Subject(s)
COVID-19/diagnosis , Deep Learning , Triage/methods , Adult , Aged , Algorithms , COVID-19/diagnostic imaging , COVID-19/pathology , COVID-19/therapy , China , Female , Humans , Lung/diagnostic imaging , Male , Middle Aged , Reproducibility of Results , Retrospective Studies , Severity of Illness Index , Tomography, X-Ray Computed
12.
EClinicalMedicine ; 24: 100443, 2020 Jul.
Article in English | MEDLINE | ID: covidwho-613224

ABSTRACT

BACKGROUND: The outbreak of COVID-19 has laid unprecedented threats and challenges to health workers (HWs) in Wuhan, China. We aimed to assess the sociodemographic characteristics and hospital support measures associated with the immediate psychological impact on HWs at Tongji Hospital in Wuhan during COVID-19 outbreak. METHODS: We conducted a single-center, cross-sectional survey of HWs via online questionnaires between February 8th and 10th, 2020. We evaluated stress, depression and anxiety by IES-R, PHQ-9, and GAD-7, respectively. We also designed a questionnaire to assess the perceptions of threat of COVID-19, and the satisfactions of the hospital's support measures. Multivariate logistic regressions were used to identify associated variables of acute stress, depression, and anxiety. FINDINGS: We received 5062 completed questionnaires (response rate, 77.1%). 29.8%, 13.5% and 24.1% HWs reported stress, depression and anxiety symptoms. Women (odds ratio [OR], 1.31; 95% CI, 0.47-0.97; p = 0.032), years of working >10 years (OR, 2.02; 95% CI, 1.47-2.79; p<0.001), concomitant chronic diseases (OR, 1.51; 95% CI, 1.27-1.80; p<0.001), history of mental disorders (OR, 3.27; 95% CI, 1.77-6.05; p<0.001), family members or relatives confirmed or suspected (OR, 1.23; 95% CI, 1.02-1.48; p = 0.03), hospital-based and department-based care (OR, 0.76; 95% CI, 0.60-0.97; p = 0.024) and full coverage of all departments for avoiding nosocomial infection (OR, 0.69; 95% CI, 0.53-0.89; p = 0.004) were associated with stress. INTERPRETATION: Women and those who have more than 10 years of working, concomitant chronic diseases, history of mental disorders, and family members or relatives confirmed or suspected are susceptible to stress, depression and anxiety among HWs during the pandemic. In addition, since HWs often have a greater stigma against mental problems than the general public, it is worthwhile to address the needs of the HWs during this pandemic and to provide appropriate psychological supports for those people at high risk of mental problems.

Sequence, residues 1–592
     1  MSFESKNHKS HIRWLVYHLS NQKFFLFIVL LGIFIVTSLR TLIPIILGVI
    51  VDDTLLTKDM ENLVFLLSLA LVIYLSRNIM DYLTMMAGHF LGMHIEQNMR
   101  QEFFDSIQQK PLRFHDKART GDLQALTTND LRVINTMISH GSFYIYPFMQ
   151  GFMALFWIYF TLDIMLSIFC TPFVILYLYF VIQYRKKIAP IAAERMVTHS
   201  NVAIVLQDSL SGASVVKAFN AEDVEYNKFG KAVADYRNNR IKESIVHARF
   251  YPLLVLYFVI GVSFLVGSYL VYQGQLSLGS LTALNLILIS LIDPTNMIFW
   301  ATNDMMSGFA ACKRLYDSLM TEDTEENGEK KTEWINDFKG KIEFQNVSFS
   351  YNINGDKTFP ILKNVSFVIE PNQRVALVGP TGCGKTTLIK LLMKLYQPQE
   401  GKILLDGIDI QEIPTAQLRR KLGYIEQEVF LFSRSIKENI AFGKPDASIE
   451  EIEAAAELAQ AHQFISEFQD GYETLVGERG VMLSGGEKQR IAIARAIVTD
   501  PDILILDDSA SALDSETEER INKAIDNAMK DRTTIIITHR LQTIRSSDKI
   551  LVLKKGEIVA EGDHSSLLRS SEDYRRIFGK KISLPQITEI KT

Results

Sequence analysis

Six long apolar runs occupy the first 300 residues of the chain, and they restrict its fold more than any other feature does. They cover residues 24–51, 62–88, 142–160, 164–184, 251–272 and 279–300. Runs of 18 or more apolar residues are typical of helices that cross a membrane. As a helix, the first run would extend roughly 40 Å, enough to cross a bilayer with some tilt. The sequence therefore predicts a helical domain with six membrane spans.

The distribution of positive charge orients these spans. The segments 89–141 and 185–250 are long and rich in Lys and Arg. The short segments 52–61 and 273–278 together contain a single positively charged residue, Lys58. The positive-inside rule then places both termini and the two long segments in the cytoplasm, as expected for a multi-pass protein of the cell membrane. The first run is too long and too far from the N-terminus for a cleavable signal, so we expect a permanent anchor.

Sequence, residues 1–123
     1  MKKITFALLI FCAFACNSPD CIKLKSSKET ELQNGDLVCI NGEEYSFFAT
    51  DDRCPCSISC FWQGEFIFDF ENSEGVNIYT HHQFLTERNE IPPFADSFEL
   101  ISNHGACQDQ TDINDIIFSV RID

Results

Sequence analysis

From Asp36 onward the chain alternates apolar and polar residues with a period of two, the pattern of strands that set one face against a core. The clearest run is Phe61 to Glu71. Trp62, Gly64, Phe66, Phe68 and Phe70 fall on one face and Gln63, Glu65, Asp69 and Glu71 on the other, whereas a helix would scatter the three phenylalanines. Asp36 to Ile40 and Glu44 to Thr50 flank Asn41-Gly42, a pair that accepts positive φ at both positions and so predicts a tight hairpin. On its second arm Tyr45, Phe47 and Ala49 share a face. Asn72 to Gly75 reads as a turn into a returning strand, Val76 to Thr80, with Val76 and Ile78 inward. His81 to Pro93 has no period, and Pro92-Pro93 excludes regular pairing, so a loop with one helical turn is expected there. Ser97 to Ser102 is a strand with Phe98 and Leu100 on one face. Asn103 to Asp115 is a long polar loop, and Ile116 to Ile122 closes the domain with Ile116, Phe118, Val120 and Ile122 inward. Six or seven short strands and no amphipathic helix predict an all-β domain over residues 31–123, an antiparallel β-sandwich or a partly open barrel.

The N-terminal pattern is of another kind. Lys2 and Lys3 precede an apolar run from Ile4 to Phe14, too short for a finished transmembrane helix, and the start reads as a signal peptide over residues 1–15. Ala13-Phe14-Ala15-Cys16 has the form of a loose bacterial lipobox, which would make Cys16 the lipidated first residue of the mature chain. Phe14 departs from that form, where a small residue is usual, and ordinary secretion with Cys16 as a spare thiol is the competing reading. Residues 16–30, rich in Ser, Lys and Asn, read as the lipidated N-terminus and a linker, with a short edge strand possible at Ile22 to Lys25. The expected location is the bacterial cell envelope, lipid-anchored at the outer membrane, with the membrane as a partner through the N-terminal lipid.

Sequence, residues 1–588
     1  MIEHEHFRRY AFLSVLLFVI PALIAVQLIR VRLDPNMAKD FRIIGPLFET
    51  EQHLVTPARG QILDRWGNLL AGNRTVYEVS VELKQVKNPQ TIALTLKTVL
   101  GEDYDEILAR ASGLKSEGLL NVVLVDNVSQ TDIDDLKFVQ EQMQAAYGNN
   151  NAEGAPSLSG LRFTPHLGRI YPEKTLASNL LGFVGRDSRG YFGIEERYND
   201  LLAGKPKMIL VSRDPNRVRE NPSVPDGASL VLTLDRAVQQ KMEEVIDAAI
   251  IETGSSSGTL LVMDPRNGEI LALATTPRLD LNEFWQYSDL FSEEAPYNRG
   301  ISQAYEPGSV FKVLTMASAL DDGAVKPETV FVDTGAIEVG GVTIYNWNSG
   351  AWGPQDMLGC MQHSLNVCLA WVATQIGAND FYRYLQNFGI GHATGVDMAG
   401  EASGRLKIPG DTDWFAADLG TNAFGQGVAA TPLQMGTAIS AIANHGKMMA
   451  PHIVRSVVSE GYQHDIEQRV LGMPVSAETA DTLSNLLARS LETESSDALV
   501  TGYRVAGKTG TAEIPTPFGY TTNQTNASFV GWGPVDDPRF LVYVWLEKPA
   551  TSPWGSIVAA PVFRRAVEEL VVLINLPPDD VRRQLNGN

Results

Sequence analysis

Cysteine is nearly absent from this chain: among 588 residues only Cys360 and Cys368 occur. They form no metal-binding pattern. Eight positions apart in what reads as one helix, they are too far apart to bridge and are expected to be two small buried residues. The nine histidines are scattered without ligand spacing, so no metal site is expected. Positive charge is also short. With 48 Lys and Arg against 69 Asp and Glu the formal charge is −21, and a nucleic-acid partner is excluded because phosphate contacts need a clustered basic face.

13.
JAMA Netw Open ; 3(5): e209666, 2020 05 01.
Article in English | MEDLINE | ID: covidwho-352390

ABSTRACT